Try to find the datasets that will be used multiple times in a later stages and which will be time consuming to recompute that dataset, that will be the candidate to be persisted. Once data is persisted, unpersist the data at the end of your execution. Because it clears the persisted data and makes space available for both storage memory and working memory.
6. Avoid costly operations if unnecessary
Omit those operations which you have added during the development and testing phase for validations. Count is one of the expensive operations and it should not be really used unless it is required to use them by business requirement.
If it is okay to get an approximate distinct count use approxDistinctCount() instead of distinct count. Whenever you want to decrease the number of partitions go for coalesce than the repartition operation because coalesce combines data within the nodes first and avoids a lot of data shuffle. It is a good practice to use dropDuplicates() before joining the tables
7. Memory management matters
This is how a Spark executor would look like, we have memory and that memory will be shared by both storage layer and working layer as storage memory and working memory. At the beginning all the memory would be available as working memory and once we start caching and persisting data, storage memory keeps increasing and it can use upto 50 percent by default.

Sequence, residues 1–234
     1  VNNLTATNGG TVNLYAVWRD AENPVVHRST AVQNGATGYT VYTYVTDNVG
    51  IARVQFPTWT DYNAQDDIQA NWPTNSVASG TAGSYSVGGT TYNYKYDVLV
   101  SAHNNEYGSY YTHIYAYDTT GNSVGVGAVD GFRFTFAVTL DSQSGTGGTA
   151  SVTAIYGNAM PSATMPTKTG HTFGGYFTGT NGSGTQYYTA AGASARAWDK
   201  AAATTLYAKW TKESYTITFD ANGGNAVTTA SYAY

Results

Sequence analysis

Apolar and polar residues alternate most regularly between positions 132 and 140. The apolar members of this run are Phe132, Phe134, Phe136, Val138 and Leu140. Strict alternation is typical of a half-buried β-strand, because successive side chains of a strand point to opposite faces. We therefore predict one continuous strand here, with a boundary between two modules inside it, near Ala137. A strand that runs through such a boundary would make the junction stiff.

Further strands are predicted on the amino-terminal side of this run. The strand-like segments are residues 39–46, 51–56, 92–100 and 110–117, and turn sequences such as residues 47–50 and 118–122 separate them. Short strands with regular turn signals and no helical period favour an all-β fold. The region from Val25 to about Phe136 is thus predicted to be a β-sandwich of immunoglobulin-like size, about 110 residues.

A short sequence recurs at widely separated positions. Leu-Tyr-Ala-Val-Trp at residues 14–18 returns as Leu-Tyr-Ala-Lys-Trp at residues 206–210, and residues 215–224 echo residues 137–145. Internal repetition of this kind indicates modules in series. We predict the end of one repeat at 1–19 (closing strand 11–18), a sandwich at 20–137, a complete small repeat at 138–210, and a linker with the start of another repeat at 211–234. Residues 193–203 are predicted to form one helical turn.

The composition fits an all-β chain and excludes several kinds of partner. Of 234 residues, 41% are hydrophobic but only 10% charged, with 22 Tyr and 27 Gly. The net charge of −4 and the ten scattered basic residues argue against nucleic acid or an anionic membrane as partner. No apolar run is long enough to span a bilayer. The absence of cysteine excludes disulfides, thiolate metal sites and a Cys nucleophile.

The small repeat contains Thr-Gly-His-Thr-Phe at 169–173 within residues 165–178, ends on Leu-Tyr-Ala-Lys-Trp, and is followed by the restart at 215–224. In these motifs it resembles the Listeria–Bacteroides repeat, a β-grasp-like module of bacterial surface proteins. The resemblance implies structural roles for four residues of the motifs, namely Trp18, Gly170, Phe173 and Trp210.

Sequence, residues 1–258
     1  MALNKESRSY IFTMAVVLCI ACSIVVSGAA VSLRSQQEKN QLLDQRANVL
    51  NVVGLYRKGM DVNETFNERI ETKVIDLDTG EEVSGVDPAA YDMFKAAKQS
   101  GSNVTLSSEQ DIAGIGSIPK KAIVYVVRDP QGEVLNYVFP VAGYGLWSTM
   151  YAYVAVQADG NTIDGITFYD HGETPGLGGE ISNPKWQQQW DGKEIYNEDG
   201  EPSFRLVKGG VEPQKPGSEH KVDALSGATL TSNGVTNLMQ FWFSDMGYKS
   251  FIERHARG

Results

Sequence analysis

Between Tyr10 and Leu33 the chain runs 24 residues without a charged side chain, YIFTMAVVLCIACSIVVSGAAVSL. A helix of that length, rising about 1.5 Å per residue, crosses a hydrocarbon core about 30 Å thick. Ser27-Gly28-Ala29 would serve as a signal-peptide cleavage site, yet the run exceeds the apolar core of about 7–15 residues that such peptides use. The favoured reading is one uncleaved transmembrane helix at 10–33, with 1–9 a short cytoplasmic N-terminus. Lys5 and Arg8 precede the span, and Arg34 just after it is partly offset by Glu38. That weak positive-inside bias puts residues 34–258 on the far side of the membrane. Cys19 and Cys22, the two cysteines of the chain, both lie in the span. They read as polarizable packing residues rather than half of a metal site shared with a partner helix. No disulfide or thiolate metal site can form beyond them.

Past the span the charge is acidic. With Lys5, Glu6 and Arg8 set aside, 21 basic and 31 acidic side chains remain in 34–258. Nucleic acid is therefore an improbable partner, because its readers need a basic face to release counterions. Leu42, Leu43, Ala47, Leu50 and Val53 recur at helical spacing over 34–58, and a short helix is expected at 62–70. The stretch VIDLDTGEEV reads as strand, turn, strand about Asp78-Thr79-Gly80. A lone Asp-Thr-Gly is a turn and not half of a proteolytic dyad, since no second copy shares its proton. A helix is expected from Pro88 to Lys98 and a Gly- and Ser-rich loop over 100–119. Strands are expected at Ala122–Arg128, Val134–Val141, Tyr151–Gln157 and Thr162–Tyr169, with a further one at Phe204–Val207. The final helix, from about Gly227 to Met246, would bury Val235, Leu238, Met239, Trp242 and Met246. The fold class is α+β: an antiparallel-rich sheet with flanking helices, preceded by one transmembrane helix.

So unpersiting the cached and persisted data will have impact on the performance of the Spark application.
8. Use UDFs in an efficient manner
You know using UDFs in a spark application is tricky and you can use the available functions in spark-sql functions to achieve your results. You have to remember that scala UDFs are faster than Python UDFs, but if you vectorize the python UDFs you will gain much better performance sometimes close to Scala UDFs and sometimes better than scala UDFs.